YORK'S controversial Lendal Bridge traffic ban is to be axed, following a crunch vote by ruling councillors - and the route will reopen fully this weekend.
City of York Council's Labour group met last night to decide the future of the restrictions following a Government traffic expert's judgement last week that the authority did not have the power to impose fines.
A vote was taken in favour of ending the trial and the restrictions will be lifted from Saturday.
Labour last night stood by its policy of introducing the six-month trial last August, claiming it had brought a string of benefits to the city, but a different way of dealing with York's congestion problems now had to be found
However, opposition groups have accused Labour of an "embarrassing U-turn" and only changing their minds because of the potential political fallout. They have also called for council leader James Alexander and the city's transport boss, Coun Dave Merrett, to quit.
Coun Alexander said the "principle" of the Lendal Bridge trial was correct and the council followed the correct legal procedures. He said the council had gathered "valuable information" about traffic flows, bus reliability had improved and passenger numbers had increased.
He said footfall and hotel bookings in the city had also risen while pollution had fallen, but added: "It is, however, clear the trial has been polarising and we need greater consensus among residents and businesses over measures required to tackle congestion in our city.
"We have listened to businesses and the public alike and I am therefore announcing that, after seeing results from the trial and these results being debated among my colleagues, I have asked the council's chief executive to lift the restriction from Saturday through the appropriate procedure."
Coun Alexander said "doing nothing is not an option" on congestion and it needed "tough decisions" to be made. He said an independently-chaired cross-party commission will be formed to "take a long, hard look at the data from this trial and to come up with more consensual suggestions as to how we tackle the great challenge of congestion in this city."
Tweeting his request to the council's chief executive, Kersten England, for the restrictions to be lifted, Coun Alexander wrote: "We've listened."
Coun Merrett, cabinet member for transport - who has been under pressure since traffic adjudicator Stephen Knapp's judgement a week ago - said transport schemes could often be "complex and controversial", and said: "The decision to reopen the restriction in light of the public feedback shows why we were right to undertake a trial rather than seeking to move straight to permanent implementation."
Conservative leader Coun Chris Steward said: "It is better late than never that Labour has finally ended this terrible closure - sadly, it seems it was the threat of Labour councillors losing their seats and discontent in the Labour group, as well as the pressure of a public full council meeting that we called for, which did it, rather than the problems of the closure itself.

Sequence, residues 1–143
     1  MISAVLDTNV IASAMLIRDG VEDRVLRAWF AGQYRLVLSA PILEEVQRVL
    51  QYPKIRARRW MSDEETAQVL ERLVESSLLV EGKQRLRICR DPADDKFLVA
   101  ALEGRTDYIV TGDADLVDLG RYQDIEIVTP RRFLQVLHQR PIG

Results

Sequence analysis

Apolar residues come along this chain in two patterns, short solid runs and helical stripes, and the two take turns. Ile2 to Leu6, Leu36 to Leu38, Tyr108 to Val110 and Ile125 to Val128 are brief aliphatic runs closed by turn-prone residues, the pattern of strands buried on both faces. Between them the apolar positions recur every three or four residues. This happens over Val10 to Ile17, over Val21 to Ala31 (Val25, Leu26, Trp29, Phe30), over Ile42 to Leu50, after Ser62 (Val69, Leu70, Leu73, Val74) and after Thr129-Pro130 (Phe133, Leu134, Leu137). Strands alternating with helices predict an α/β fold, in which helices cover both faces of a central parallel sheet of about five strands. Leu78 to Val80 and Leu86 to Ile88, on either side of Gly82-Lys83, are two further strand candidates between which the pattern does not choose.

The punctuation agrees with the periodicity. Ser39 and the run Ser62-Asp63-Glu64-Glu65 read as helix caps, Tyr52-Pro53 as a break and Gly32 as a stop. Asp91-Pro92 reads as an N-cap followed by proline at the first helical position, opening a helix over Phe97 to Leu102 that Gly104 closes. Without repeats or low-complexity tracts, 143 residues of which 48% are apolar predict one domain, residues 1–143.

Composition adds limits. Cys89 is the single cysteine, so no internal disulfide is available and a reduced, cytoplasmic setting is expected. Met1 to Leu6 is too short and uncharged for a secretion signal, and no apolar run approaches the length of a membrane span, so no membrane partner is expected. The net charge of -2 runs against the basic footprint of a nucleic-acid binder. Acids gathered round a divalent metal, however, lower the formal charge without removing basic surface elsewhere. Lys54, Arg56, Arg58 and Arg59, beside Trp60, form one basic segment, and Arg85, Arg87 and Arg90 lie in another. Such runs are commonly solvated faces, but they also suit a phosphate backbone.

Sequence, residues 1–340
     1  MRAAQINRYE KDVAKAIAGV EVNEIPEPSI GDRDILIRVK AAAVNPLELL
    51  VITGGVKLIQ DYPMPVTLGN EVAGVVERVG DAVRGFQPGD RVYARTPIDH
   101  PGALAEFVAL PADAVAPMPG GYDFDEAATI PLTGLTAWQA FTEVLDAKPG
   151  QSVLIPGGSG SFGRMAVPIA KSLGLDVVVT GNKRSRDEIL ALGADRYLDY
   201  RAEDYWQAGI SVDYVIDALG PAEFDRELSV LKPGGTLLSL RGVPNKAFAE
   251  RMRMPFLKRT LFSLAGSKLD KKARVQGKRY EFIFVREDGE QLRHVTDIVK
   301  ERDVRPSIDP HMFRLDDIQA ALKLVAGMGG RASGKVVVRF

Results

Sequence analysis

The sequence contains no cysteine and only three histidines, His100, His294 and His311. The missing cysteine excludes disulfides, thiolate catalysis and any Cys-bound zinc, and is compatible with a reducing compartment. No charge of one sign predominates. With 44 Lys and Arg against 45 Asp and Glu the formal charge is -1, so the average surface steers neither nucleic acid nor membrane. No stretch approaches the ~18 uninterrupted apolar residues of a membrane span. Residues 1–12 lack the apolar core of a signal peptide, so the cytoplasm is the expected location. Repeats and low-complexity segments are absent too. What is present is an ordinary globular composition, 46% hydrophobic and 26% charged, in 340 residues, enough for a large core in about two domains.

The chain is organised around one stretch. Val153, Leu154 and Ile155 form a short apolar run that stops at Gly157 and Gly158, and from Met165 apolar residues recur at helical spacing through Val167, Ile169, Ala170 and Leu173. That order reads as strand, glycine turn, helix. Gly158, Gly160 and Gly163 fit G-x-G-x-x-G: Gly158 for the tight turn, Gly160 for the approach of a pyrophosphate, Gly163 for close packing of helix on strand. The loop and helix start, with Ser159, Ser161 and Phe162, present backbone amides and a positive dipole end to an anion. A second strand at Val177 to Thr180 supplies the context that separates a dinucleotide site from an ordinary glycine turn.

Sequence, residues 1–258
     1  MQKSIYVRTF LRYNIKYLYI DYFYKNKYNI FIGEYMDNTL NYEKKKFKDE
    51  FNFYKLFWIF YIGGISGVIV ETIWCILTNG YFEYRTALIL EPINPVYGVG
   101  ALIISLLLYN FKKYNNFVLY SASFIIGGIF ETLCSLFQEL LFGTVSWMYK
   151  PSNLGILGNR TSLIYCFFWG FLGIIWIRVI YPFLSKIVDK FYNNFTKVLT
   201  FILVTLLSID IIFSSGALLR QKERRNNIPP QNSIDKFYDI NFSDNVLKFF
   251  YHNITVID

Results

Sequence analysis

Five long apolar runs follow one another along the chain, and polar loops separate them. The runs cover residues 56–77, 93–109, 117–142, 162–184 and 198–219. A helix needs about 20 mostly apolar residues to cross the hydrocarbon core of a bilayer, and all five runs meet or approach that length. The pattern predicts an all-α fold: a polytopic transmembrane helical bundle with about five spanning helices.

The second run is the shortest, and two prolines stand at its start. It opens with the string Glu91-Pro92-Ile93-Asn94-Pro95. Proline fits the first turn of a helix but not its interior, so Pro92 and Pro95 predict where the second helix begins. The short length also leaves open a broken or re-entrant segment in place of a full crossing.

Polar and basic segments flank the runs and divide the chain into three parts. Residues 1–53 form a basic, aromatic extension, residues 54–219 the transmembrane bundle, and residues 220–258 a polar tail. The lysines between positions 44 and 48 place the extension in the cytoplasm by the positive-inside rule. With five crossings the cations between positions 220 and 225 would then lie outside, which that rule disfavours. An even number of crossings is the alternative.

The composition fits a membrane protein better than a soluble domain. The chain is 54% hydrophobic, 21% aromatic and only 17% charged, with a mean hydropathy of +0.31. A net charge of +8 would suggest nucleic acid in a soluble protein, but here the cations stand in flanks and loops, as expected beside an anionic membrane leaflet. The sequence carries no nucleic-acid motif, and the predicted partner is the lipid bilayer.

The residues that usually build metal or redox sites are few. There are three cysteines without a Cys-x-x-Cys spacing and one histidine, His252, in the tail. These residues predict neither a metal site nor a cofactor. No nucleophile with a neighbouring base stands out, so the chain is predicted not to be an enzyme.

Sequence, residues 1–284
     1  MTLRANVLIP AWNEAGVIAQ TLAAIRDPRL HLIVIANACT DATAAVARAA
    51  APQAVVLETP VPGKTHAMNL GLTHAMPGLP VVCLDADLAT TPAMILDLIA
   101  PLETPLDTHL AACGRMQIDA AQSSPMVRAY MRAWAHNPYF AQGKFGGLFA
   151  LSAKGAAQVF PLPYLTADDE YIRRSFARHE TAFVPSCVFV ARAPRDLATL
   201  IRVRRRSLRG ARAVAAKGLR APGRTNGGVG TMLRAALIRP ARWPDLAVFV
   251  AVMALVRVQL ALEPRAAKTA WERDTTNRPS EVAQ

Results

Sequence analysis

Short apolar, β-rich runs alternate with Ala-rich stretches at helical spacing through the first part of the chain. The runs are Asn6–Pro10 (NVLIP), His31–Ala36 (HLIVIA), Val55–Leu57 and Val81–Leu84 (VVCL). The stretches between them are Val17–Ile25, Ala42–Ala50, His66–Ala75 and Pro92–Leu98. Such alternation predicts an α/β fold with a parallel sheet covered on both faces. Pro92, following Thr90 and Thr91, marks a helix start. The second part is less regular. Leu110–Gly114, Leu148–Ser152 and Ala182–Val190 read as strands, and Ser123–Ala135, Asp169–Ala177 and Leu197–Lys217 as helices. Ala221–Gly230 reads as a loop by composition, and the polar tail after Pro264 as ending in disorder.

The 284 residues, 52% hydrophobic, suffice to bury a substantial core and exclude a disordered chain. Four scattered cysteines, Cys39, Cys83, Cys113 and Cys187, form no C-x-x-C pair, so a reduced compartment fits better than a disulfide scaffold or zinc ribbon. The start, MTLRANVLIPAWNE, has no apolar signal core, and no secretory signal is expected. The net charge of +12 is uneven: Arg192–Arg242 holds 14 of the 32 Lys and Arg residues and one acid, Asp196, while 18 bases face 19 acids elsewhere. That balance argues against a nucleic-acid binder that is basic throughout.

"There is now much to resolve on fines to date and the damage the trial has done to York's reputation. Dave Merrett and James Alexander should now finally apologise and resign."
Coun Keith Aspden, who leads the Liberal Democrat group, said Labour had been left with "no choice" but to reopen Lendal Bridge following the adjudicator's report. but said: "Even so, this is an embarrassing U-turn from a Labour cabinet which has insisted all along that the closure is lawful and the restrictions were working.
"It was a botched trial from the start which has made congestion worse and damaged local businesses. It is now time for Coun Merrett and Coun Alexander to take responsibility and resign. We also need urgent answers over whether the council will continue to use taxpayers' money to fund its legal battle and whether it plans to repay the motorists who were fined unlawfully."
Earlier today, Labour sources told The Press the group was split on the issue of the Lendal Bridge scheme and many were fearful of the political damage it was doing to the party, with one councillor saying: "If we continue with this, we will lose the next election". Its members were allowed to vote freely on the issue last night.
Mr Knapp, of the Traffic Penalty Tribunal, said neither Lendal Bridge nor Coppergate, where traffic restrictions have also been introduced and will remain in force, could be “sensibly” classed as bus lanes and this meant penalty charge notices (PCNs) should not have been issued. The council has since sought legal advice from a QC and has said it is confident both schemes are “within the law”, with an appeal likely.
It has continued to record any breaches of the restrictions and urged drivers to obey them, originally saying PCNs could be issued at a later date. However, the authority later confirmed any legal process could take up to three months to resolve, and traffic fines must be issued within 28 days of an offence.
More than 53,000 drivers were fined during the six-month bridge trial, which ended on February 27, although the restrictions remained ahead of a meeting of the Labour cabinet on May 6 which had been due to discuss whether to continue or abandon the trial before Mr Knapp’s judgement emerged. Almost 10,000 PCNs were issued in Coppergate between the end of September and the end of February.